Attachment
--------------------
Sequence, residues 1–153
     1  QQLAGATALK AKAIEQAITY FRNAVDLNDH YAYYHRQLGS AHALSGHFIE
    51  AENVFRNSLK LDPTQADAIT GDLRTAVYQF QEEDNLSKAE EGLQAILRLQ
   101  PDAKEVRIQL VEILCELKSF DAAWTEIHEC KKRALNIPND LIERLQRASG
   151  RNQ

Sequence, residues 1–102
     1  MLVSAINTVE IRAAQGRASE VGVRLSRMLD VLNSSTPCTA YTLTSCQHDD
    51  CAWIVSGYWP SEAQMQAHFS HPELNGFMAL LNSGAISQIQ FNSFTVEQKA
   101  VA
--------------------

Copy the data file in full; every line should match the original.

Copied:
Sequence, residues 1–153
     1  QQLAGATALK AKAIEQAITY FRNAVDLNDH YAYYHRQLGS AHALSGHFIE
    51  AENVFRNSLK LDPTQADAIT GDLRTAVYQF QEEDNLSKAE EGLQAILRLQ
   101  PDAKEVRIQL VEILCELKSF DAAWTEIHEC KKRALNIPND LIERLQRASG
   151  RNQ

Sequence, residues 1–102
     1  MLVSAINTVE IRAAQGRASE VGVRLSRMLD VLNSSTPCTA YTLTSCQHDD
    51  CAWIVSGYWP SEAQMQAHFS HPELNGFMAL LNSGAISQIQ FNSFTVEQKA
   101  VA